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“ When next you talk of what you view,
Think others fee as well as you : o Nor wonder, if
find that none “ Prefers your eye-light to his own."
GRECIAN Youth, of talents rare,
Whom Plato's philosophic care
Had form'd for Virtue's nobler view,
By precepts and example too,
Would often boast his matchless skill,
To curb the steed, and guide the wheel.
And as he pass'd the gazing throng,
With graceful ease, and fmack'd the thong,
The idiot wonder they express'd
Was praise and transport to his breast.
At length quite vain, he needs would thew
His master what his art could do ;
And bade his slaves the chariot lead
To Academus' facred shade.
The trembling grove confess'd its fright,
The wood-nymphs started at the fight;
The Muses drop the learned lyre,
And to their inmoft shades retire.
Howe'er, the youth, with forward air,
Bows to the fage, and mounts the car;
The lah resounds, the coursers fpring,
The chariot marks the rolling ring :
And gath’ring crowds with eager eyes,
And shouts, pursue him as he flies.
Triumphant to the goal return'd,
With nobler thirst his bosom burn'd;
And now along th' indented plain,
The self-fame track he marks again,
Pursues with care the nice design,
Nor ever deviates from the line.
Amazement seiz'd the circling crowd ;
The youths with emulation glow'd;
Ev'n bearded fages hail'd the boy,
And all, but Plato, gaz'd with joy.
For he, deep-judging fage, beheld
With pain the triumphs of the field :
And when the charioteer drew nigh,
And, flush'd with hope, had caught his eye,
Alas! unhappy youth, he cry'd,
Expect no praise from me, (and figh’d)
With indignation I survey
Such fkill and judgment thrown away.
The time profusely squander'd there,
On vulgar arts beneath thy care,
If well employ'd, at less expence,
Had taught thee honour, virtue, fenfe,
And rais'd thee from a coachman's fate,
To govern men and guide the ftate.
Like a tall bully, lifts the head, and lies;
There dwelt a Citizen of saber fame,
A plain good man, and Balaam was his name;
Religious, punctual, frugal, and so forth;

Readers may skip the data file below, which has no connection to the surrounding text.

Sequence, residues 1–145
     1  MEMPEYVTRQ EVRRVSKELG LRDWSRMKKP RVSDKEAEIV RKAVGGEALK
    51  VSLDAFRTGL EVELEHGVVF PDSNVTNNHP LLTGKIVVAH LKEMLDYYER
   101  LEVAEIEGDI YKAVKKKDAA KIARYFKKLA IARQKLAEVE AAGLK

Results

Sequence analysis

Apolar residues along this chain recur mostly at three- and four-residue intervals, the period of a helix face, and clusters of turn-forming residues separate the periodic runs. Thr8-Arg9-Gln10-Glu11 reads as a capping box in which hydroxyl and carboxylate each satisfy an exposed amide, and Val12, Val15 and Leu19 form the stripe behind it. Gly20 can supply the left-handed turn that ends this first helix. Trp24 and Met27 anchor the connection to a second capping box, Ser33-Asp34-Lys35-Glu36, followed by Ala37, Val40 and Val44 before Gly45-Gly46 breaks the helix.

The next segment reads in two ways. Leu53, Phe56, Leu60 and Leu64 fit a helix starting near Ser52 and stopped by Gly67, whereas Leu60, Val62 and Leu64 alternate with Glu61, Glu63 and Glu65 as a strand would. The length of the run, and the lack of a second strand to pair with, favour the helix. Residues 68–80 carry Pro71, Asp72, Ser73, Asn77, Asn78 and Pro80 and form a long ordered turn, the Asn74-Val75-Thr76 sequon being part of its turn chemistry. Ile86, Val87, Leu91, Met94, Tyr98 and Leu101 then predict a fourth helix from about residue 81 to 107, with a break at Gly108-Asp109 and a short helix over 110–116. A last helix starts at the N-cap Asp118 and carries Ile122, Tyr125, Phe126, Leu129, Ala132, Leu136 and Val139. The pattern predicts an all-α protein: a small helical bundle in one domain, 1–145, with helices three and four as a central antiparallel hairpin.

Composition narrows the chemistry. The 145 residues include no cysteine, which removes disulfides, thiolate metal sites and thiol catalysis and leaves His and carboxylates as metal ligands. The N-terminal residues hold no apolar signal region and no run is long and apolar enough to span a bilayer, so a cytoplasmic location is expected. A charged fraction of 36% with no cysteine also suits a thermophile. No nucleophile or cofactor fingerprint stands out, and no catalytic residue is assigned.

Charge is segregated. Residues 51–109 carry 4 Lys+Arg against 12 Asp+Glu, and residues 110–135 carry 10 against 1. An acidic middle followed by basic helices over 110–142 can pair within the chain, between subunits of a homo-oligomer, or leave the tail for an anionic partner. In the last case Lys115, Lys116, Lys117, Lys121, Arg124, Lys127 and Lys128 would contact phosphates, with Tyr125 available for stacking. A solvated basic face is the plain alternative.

His word would pass for more than he was worth.
One folid dish his week-day meal affords,
An added pudding solemniz'd the Lord's :
Constant at Church, and 'Change; his gains were sure,
His givings rare, fave farthings to the poor.
The Devil was piqu’d such faintship to behold,
And long'd to tempt him, like good Job of old :
But Satan now is wiser than of yore,
And tempts by making rich, not making poor.
Rous'd by the Prince of Air, the whirlwinds sweep
The surge, and plunge his Father in the deep;
Then full against his Cornish lands they roar,
And two rich fhipwrecks biefs the lucky shore.
Sir Balaam now, he lives like other folks,
He takes his chirping pint, and cracks his jokes :
- Live like yourself," was foon my Lady's word;
And lo! two paddings smoak’d upon the board.
Alleep and naked as an Indian lay,
An honest factor stole a gem away :
He pledg'd it to the knight; the knight had wit,
So kept the Di'mond, and the rogue was bit.
Some fcruple rose, but thus he eas'd his thought,
• I'll now give fix-pence where I gave a groat;
• Where once I went to church, I'll now go twice
« And am so clear too of all other vice."
The Tempter saw his time; the work he ply'd;
Stocks and Subfcriptions pour on ev'ry side,
'Till all the Dæmon makes his full descent
In one abundant show'r of Cent.
Sinks deep within him, and possesses whole,
Then dubs Director, and fecures his foul,
Behold Sir Balaam now a man of spirit,
Afcribes his gettings to his parts and merit;
What late he call’d a Blessing, now was Wit,
And God's good Providence, a lucky Hit.
Things change their titles, as our manners turn :
His Compting-house employ'd the Sunday morn:
Seldom at Church ('twas such a busy life)
But duly sent his family and wife.
There (so the Devil ordain'd) one Chriftmas-tide
My good cld Lady catch'd a cold and dy'd.
A Nymph of Quality admires our Knight,
He marries, bows at Court, and grows polite :
Leaves the dull Cits, and joins (to please the Fair)
The well-bred cuckolds in St. James's air :
In Britain's Senate he a seat obtains,
And one more Pensioner St. Stephen gains.
My Lady falls to play ; so bad her chance,
He must repair it; takes a bribe from France;
The House impeach him; Goningiby harangues ;
The Court forsake him, and Sir Balaam hangs.
Wife, fon, and daughter, Satan! are thy own,
His wealth, yet dearer, forfeit to the Crown:
The Devil and the King divide the prize,
And fad Sir Balaam curses God and dies.
CH A P.